Riding his bike through downtown Vancouver, Eric Giacchino likes what he sees.
As several other cyclists pedal by, Giacchino greets just about every one of them. He calls out a hello. He offers a wave. He receives friendly smiles in return.
The founder of local nonprofit Bike Clark County naturally wants people to feel comfortable cruising through the city’s heart on two wheels instead of four. It’s a sight that wasn’t as common even a few years ago.
But like any city moving toward a more bike-friendly future, Vancouver has plenty of room for improvement and plenty to learn, he said. That goes for some cyclists themselves, too.
On the same ride, Giacchino stopped for a red light at the intersection of Columbia and Sixth streets. While he waited, a young man on a bike sped by him from behind, blew through the light and — wearing no helmet — cut across to the left side of the street, continuing against traffic.
Giacchino shook his head.
“That,” he said, “is the kind of thing that we’re trying to get away from.”
Bike Clark County’s volunteers hope to nurture, embrace and educate what they see as a growing bike culture in Vancouver and Clark County. The group played host to a community workshop last month. Only a year after its founding, Bike Clark County is also starting to turn heads outside Southwest Washington.
“Portland always kind of looms over the area,” said Blake Trask, statewide policy director for Seattle-based Bicycle Alliance of Washington. “But to see Vancouver kind of step out of the shadows … is really great to see.”
To say that Giacchino practices what he preaches would be an understatement.
The Vancouver firefighter commutes by bike to work, riding the seven miles (one way) from his downtown home to the Walnut Grove station. He and his wife pedal to the grocery store, their two young daughters in tow. They ride to the kids’ piano lessons. Giacchino estimates he put only 5,000 miles on his car all of last year.
Giacchino has long been a prominent voice in the local bicycling community, for years volunteering at bike safety events in Portland — a city known as one of the most bike-friendly places in the country. But last year, Giacchino decided it was time to bring the same energy to Vancouver. He founded Bike Clark County.
“We should be doing that in my own town,” he remembers thinking about Portland’s bike-related programs. “There was really nothing like that going on here.”
Many of the pieces were already in place here, Giacchino said. Vancouver has its share of bike advocates, but they weren’t always connected in their efforts, he said. Bike Clark County was founded as a voice to bring them together.
The organization — with a dedicated group of volunteers — brought bike safety programs to three Vancouver schools this year. Giacchino hopes to expand it to more in the future.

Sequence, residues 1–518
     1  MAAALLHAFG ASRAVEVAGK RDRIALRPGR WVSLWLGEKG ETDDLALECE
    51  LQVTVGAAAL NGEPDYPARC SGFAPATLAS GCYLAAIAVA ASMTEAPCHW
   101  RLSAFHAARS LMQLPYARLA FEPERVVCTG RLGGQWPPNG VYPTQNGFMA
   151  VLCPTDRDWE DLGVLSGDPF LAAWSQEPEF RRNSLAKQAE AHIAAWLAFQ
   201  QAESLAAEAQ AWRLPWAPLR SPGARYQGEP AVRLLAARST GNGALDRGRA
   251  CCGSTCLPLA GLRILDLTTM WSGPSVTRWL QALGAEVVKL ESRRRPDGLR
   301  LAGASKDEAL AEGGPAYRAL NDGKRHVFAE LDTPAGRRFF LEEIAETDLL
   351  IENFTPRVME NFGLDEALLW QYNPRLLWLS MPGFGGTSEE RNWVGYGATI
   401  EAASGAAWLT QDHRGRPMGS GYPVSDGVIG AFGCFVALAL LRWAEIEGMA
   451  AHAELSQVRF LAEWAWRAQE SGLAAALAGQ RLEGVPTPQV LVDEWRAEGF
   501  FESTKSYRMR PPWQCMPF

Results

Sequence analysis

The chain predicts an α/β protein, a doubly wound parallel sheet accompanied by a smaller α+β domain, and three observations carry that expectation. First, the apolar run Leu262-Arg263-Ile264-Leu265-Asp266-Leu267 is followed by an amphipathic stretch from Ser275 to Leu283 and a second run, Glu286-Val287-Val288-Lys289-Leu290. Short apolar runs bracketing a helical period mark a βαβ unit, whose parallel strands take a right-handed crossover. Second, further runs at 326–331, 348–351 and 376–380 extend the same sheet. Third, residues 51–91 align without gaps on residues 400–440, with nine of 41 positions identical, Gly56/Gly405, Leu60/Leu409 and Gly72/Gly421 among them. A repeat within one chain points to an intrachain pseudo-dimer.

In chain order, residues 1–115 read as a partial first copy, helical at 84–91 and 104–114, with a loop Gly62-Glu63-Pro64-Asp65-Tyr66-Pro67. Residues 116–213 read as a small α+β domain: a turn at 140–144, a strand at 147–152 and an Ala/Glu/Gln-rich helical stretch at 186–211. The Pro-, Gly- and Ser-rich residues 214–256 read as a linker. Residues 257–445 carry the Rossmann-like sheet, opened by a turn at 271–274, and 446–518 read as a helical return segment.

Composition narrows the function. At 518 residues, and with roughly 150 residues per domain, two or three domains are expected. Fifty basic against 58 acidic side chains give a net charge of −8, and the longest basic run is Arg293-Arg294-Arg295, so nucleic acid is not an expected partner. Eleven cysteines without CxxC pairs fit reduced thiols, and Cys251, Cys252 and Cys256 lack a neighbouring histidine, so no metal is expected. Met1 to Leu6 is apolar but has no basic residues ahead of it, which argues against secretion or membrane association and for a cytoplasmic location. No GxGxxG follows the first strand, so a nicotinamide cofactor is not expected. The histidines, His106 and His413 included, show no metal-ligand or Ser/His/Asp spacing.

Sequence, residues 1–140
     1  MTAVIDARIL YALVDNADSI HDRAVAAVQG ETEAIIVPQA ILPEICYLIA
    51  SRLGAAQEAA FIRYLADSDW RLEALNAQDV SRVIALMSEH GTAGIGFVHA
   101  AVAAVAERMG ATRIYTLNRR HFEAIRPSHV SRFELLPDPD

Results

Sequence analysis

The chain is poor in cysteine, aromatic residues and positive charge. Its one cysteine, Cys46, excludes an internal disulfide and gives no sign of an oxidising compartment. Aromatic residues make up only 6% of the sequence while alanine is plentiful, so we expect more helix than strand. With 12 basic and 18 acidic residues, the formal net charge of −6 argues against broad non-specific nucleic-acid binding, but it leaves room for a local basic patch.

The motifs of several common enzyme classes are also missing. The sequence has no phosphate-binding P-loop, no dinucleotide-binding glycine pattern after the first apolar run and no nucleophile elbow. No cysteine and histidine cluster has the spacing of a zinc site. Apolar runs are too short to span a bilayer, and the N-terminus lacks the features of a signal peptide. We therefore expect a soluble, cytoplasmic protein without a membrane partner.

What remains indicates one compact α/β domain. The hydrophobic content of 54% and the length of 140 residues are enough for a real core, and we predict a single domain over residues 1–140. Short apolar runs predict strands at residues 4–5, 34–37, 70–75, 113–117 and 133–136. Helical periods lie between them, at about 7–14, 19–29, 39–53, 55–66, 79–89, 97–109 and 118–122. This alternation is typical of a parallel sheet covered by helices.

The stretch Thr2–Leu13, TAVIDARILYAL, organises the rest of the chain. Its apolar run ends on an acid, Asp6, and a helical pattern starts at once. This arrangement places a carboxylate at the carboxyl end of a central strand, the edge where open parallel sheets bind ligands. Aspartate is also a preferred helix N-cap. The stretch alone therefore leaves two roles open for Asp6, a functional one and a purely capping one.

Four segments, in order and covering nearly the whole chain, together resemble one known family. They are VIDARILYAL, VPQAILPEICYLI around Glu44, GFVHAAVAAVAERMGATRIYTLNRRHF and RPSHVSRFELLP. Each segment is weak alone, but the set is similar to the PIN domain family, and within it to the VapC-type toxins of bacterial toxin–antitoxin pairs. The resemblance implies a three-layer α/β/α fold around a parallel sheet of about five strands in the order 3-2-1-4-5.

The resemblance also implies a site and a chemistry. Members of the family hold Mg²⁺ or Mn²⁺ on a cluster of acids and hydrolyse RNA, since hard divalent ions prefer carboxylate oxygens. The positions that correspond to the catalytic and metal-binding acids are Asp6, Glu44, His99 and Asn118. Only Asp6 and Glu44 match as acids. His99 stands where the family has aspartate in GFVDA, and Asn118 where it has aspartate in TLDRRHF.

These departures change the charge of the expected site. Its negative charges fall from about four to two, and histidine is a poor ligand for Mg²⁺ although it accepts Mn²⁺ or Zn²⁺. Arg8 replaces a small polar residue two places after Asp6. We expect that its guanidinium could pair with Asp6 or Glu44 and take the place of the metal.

Bike Clark County uses a fleet of more than 100 bicycles it currently stores at the former Hough Pool, which also serves as a workshop. That’s an arrangement the Hough Foundation is happy to accommodate, said executive director Barbara Hammon. The pool closed in 2010 due to budget difficulties.
The foundation, which owns the pool, eventually hopes to convert the facility into a community center. In the meantime, it will lend a favor from one nonprofit to another, Hammon said.
“So far, it’s working out great,” she said. “It’s just perfect that we’re able to partner with another community organization that does great things for kids.”
‘Writing is on the wall’
Last month’s “Hub and Spoke” workshop focused on both local and national trends, along with how to improve conditions in Vancouver. The midweek event drew about two dozen participants, though Giacchino admits many were familiar faces.
Helping lead the workshop was the Bicycle Alliance of Washington. Trask, the organization’s policy director, characterized the event as a success not every city could pull off.
The workshop included a bike tour highlighting what’s good and bad about Vancouver’s infrastructure. The city offers ample bicycle parking downtown, Giacchino said, a plus some other places don’t have. But it can be difficult, particularly for less experienced cyclists, to get around some cramped streets and intersections, he said. Many view the relatively spacious Columbia Street as downtown’s main north-south bike corridor.
Much of Bike Clark County’s mission centers on education. The organization hopes to boost its school program in the coming years, and give cyclists more access to services and equipment for repairs, Giacchino said. It also has its sights on a possible community “car-free” event for Vancouver, he said.
Giacchino is quick to say he doesn’t consider Bike Clark County his organization. He’d be more than happy to see the nonprofit thrive regardless of who’s at the helm.
“This isn’t mine,” Giacchino said. “This is for the community, the people who ride bikes in Clark County.”
The rising prominence of Vancouver’s bicycle community has come “clearly from the bottom up,” Giacchino said. But local agencies have responded. The city of Vancouver and Clark County both incorporate bicycle and pedestrian issues into their planning efforts. A Bicycle and Pedestrian Advisory Committee reports to the county.
Giacchino doesn’t expect the trend to slow down anytime soon.
“Vancouver is becoming a bike town,” Giacchino said. “The writing is on the wall.”